Club History

WEST MIDLAND WOODTURNERS.

The first 25 years.....Recollections and Reflections by Graham Lovett.

M.E. How did the West Midland Woodturners come to be?
G.L. Early in 1989 a seminar was held at Avoncroft Museum, Bromsgrove, hosted by Reg Sherwin, the resident professional woodturner. Amongst the attendees were a group of five, who, over lunch, discussed the idea of forming a woodturning group. As the five were mainly from the West Midlands area (Dudley/Birmingham etc.) it was to focus its activities in the Birmingham area. One of the group volunteered to be the contact, (chairman/secretary/treasurer) and so the seed was sown from which the West Midlands branch (or CHAPTER as it was known then) was born. Because the AWGB was formed initially on the American Association of Woodturners lines, most of the British groups were called CHAPTERS.

M.E. Where did the first WMT meetings take place?
G.L. We were very fortunate to have a professional woodturner and woodcraftsman, Spock Morgan, among the five and it was at his small workshop in Alum Rock that our first meetings were held. However, membership increased and this venue became inadequate, so a move to a hall above a church in Alum Rock Road became our second home. This was a much larger hall and we were able to accommodate more members. But it did have its problems, in so much that lathes and other machinery had to be manhandled up and down some rather narrow wooden stairs. Imagine carrying a Graduate lathe up and down for each meeting when a lathe was required. This venue served us pretty well, but the congregation did complain of the noise and distraction our activities caused to their services. Car parking also became a headache, both to our members and to the church congregation. Not all the meetings were at the church. We did have visits to various wood related locations (country crafts, chairmaking, steam bending, and even a visit to a commercial woodturning company).
Membership continued to increase and as contact between members was by letter or telephone, (no text or E-mail) it became necessary to share some of the administration load, and as a result yours truly became Newsletter Editor and Secretary. Due to membership numbers rising and the unsuitability of the church venue, a move was made to our third home at Water Orton Church Hall, which offered much better facilities. By this time the group was put on a more formal footing, and a committee was formed consisting of Chairman/Secretary, Treasurer, Events Organiser, Newsletter Editor and general committee helpers.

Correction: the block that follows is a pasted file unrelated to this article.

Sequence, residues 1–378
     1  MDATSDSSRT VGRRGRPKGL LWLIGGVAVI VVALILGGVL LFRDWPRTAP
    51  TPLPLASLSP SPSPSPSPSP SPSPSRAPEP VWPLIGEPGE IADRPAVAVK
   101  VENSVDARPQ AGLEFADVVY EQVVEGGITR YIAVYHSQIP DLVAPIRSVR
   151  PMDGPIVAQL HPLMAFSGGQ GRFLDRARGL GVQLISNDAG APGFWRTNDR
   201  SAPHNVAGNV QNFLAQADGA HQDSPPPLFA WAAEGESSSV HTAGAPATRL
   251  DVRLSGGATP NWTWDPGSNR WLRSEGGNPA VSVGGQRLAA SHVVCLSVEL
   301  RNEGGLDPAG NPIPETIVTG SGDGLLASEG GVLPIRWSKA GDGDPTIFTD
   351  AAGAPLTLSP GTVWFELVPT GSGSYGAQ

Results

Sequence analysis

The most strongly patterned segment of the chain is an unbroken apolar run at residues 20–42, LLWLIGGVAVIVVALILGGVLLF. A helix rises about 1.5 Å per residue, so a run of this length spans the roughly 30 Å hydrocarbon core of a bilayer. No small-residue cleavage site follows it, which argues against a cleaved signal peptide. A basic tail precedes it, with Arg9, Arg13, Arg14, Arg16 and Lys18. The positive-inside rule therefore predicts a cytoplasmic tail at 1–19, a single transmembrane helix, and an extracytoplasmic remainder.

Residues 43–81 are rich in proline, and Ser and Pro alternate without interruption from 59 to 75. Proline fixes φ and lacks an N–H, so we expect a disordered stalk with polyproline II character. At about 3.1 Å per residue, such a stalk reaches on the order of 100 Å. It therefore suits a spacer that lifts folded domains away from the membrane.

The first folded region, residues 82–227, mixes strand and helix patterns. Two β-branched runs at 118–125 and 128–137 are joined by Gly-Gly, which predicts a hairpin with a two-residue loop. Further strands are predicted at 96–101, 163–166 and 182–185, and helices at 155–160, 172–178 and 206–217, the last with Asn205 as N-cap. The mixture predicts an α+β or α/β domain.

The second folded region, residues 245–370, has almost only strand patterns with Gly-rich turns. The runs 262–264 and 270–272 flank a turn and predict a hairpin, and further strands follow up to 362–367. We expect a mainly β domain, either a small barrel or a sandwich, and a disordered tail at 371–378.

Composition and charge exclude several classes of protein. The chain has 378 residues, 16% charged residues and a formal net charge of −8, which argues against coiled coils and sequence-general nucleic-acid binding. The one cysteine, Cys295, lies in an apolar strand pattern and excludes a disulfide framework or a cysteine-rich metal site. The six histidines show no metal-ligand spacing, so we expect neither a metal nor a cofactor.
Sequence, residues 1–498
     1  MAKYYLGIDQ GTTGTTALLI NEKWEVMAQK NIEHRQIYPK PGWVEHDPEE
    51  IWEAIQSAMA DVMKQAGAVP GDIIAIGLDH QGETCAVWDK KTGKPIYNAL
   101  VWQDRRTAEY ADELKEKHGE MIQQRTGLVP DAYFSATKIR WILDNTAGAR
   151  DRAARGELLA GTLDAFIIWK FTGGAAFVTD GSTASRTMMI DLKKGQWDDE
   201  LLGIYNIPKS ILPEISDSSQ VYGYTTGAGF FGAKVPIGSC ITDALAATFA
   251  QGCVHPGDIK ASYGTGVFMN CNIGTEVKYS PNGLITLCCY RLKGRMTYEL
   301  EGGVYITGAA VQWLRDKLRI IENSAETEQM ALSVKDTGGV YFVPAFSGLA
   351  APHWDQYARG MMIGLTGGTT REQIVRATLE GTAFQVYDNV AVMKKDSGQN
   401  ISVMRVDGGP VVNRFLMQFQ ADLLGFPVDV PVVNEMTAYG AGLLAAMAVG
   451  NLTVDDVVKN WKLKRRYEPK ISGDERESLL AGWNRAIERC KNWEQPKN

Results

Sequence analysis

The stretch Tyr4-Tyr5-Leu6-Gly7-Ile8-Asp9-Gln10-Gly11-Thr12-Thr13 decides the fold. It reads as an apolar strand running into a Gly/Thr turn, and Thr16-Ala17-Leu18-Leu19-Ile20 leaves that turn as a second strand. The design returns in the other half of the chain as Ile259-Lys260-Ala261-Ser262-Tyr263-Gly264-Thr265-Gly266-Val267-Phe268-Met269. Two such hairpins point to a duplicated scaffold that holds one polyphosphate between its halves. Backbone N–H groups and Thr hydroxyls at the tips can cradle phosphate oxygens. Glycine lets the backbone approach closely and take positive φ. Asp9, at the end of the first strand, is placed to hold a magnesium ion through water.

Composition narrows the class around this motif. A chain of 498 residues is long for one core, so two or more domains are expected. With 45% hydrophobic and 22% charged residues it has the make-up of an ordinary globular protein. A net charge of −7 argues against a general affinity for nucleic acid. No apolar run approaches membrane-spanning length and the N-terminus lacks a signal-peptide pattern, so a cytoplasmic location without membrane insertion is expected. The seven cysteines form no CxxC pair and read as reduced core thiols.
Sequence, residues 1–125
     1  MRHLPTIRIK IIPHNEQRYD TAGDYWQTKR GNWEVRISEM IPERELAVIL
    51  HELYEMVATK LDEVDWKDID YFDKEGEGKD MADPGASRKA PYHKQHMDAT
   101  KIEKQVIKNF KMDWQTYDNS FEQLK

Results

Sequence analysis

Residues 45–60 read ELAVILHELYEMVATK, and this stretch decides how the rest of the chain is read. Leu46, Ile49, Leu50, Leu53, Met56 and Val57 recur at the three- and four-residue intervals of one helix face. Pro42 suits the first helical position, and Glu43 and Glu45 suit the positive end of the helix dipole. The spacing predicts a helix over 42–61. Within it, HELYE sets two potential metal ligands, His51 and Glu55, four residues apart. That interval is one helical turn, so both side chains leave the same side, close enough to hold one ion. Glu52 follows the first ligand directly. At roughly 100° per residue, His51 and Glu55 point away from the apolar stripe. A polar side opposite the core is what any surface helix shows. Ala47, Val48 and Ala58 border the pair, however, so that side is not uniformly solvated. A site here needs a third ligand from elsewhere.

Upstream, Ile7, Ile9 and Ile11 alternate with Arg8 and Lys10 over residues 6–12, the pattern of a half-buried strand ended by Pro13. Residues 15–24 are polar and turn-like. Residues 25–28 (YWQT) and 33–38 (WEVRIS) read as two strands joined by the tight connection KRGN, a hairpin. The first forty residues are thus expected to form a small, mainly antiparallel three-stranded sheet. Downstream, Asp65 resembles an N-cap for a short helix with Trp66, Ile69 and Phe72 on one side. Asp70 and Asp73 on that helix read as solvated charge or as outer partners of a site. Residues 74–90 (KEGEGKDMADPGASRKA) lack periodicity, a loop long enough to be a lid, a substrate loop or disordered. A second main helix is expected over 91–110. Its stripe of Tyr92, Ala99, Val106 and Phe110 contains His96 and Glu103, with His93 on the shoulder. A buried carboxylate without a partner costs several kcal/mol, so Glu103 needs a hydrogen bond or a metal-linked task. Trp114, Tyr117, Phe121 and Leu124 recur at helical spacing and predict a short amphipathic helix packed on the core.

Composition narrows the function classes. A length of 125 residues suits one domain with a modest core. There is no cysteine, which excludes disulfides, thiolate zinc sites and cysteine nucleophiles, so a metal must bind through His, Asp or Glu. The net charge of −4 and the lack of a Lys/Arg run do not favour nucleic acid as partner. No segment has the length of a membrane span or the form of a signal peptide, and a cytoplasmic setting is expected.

The National Association was gathering momentum and at this point our Chapter became a BRANCH. The format of the meetings was similar to what it is today, Professional Demos, Hands on events, challenges (or projects as we liked to call them!!!!) inter club activities and participation in local village horticultural shows. Contact between members was still by snail mail and telephone, both of which were time consuming and expensive. The branch enjoyed its time at the Church Hall but for whatever reason we had to make a fourth move which was to our present home of Water Orton Junior School. Again fortune shone on the righteous, in as much as the wife of the Treasurer at that time, was a teacher at the school and was a great and useful contact with the school management. Who will forget the sit down lunches she used to provide on the occasion of the all day demos? There was an excellent meal prepared for every one attending - served on tables with cloths and serviettes!!!

M.E. What shows/events did the Branch attend or compete in?
G.L. The first show we attended was Marston Green Horticultural Show, followed by the Kings Bromley Agricultural Show, both of which had competition and display sections. Coombe Abbey was another wood related show where we demonstrated and competed.

M.E. What involvement did you have on the National Committee?
G.L. The West Midlands Branch was one of the first woodturning groups in the region. During 1991-92 I was invited to join the National Committee and became the West Midlands Regional rep. In the autumn of 1992 the National Exhibition Centre hosted the National Woodturning and Woodworking Show, and the West Midlands Branch became the kingpin in organising and setting up of the AWGB involvement at this show. lt was quite a logistical effort in collecting and collating exhibits and stand equipment from various locations throughout the country. Stewards had to be organised, and were drawn from regional clubs which had now started to spring up, namely Heart of England, Mid-Staffs, Worcestershire, Cheshire and North Staffs. Still no text or E-mail, so all arrangements were by letter etc. The NEC proved to be a popular show and was well supported by the woodworking public in general and in particular by woodturners. This show continued for 10 years until costs became prohibitive and ended in 2002. The involvement of the West Midlands Branch at the NEC really put us on the map and to this day I feel that we are still well respected as a Branch within the Association, and that when called upon we can deliver the goods.

M.E. What of the future?
G.L. The West Midlands Branch has always been run informally, making it a friendly welcoming happy club to visit and belong to. The present committee follows this ethos and because of this the future can only look bright. Here’s to the next 25 years, and let our motto be :- STRIVE FOR PERFECTION BUT SETTLE FOR EXCELLENCE.

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